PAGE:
So how do you feed yourself, and two kids ages 5 and 3, on that amount? Breakfast consisted of bananas, oatmeal or toast. Toast is very popular with her kids, she told me. Lunch was at school, and for dinner she fed them Hamburger Helper, frozen pizzas, or she made sandwiches. Married now for a year, her husband’s mom was able to provide them with fruits and vegetables through the Weld Food Bank’s Commodities program, supplementing their diet with cereal, peanut butter, dried beans, pop, and cookies. That program runs off of donated food items, and no WFB food dollars are used to fund it. Ieisha started a new job this week with regular hours, and she hopes their diet will change for the better, that she won’t see hunger outlined on her babies’ faces.

In an ironic twist, Ieisha did get exercise, because up until the last year, she had no car. She walked everywhere, in any weather, and took her children along. It wasn’t bad in the summers, but winter’s cold fed her depression, and made her children more susceptible to colds and flu. Walking everywhere also made her family all that more hungry.

So, why should we run at the Greeley Can End Hunger 5K/2K Walk or Race on March 7th? For every dollar donated, Weld Food Bank, a nonprofit unassociated with any government entity, can provide six meals. WFB serves approximately 35,000 individuals a year through their direct service and Agency Partners, and because of their bare bones budget, WFB only spends 1.7% of budget on fundraising and administrative costs. The rest goes to feed hungry people.

Food insecurity

Weld Food Bank spends only 1.7% of budget on fundraising and administrative costs.

Everyone has their own reason for running. It may be a great chance to get a little exercise. It may be to get some friends together to run a few miles in camaraderie. Running is easier when you’re with a bunch of people all trying to catch their breaths alongside you.

Or we can run to support Weld Food Bank and its efforts to end hunger. There isn’t any human on Earth who doesn’t have problems. Problems don’t have legs. And we can run because we want others to feel strong.

Register at Bells Running, Weld Food Bank, or Need more info? Go to Greeley Can End Hunger 5K/2K Facebook page. Can’t make it? Contact Weld Food Bank to see how else you can help end hunger!

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Award-winning author Emily Kemme writes about human nature, illuminating the everyday in a way that highlights its brilliance. Follow her on her blog, Feeding the Famished,, or on Twitter @EmFeedsYou . Life inspired. Vodka tempered.










Award-winning Chick Lit author Emily Kemme writes about the quirks of human nature. Find musings, recipes, and satire on her blog, Feeding the Famished. Novels | Drinking the Knock Water: A New Age Pilgrimage | In Search of Sushi Tora | Other works in progress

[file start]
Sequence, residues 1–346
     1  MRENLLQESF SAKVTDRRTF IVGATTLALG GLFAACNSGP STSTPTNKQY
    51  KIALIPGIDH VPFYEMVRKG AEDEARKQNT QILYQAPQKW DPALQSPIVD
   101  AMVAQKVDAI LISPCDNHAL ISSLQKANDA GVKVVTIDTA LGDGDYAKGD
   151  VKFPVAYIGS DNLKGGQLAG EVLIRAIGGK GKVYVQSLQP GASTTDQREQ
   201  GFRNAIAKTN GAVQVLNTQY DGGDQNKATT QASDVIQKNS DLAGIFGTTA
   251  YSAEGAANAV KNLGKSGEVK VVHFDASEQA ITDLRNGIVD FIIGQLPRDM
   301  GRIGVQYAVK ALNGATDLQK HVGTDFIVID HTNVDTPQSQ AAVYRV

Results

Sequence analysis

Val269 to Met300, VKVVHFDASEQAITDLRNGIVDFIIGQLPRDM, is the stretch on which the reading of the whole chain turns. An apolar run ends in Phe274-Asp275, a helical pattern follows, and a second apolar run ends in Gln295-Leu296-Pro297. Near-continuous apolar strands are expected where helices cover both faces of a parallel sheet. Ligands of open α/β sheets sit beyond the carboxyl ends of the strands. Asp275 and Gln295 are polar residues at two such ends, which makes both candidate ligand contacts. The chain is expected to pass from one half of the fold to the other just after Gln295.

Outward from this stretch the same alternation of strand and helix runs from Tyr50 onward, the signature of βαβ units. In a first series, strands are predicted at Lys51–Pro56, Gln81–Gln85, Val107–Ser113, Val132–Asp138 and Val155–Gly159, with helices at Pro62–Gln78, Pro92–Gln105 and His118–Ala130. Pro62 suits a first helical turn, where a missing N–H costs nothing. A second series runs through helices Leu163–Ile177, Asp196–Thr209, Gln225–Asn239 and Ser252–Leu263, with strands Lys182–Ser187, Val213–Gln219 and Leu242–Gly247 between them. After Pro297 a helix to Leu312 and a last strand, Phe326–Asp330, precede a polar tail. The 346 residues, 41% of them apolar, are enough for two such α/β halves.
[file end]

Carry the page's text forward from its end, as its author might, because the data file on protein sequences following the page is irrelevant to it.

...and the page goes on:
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  • Reply Judy March 5, 2015 at 6:20 pm

    I applaud both Ieisha for her courage in sharing her personal story, and you, Emily, for lending your talent to such an important cause!

  • Reply Ieisha Gutierrez February 28, 2015 at 5:30 pm

    I love it and it sounds great. I’m glad I could help and be an inspiration for the story. I also hope that my story helps other single mom’s to stay strong with their little ones and know that they are not alone in these harsh times of trying to keep their family in good health and well fed. Thank you Emily for your time.

    • Reply Emily Kemme February 28, 2015 at 11:55 pm

      Thank you, Ieisha, for sharing your story with me, and the world. It’s brave to let others know what you have gone through. I hope for all the best for you and your family.

  • Reply Cheri Witt-Brown February 28, 2015 at 10:17 am

    Thank you Emily Kemme for this excellent blog on the challenges 35,000 Weld County residents face struggling with food insecurity! The Weld Food Bank values your partnership and advocacy in our mission to lead and engage the community in our fight against hunger. We deeply appreciate your informative and insightful look inside the complexities of food insecurity!

    • Reply Emily Kemme February 28, 2015 at 10:22 am

      Thank you, Cheri. I appreciate you asking me to write this piece to encourage others to sign up for the Weld Food Bank Walk or Race event. What impresses me most about your organization is the strength of commitment from the community in support of WFB’s ongoing efforts to end hunger. Keep up the good work!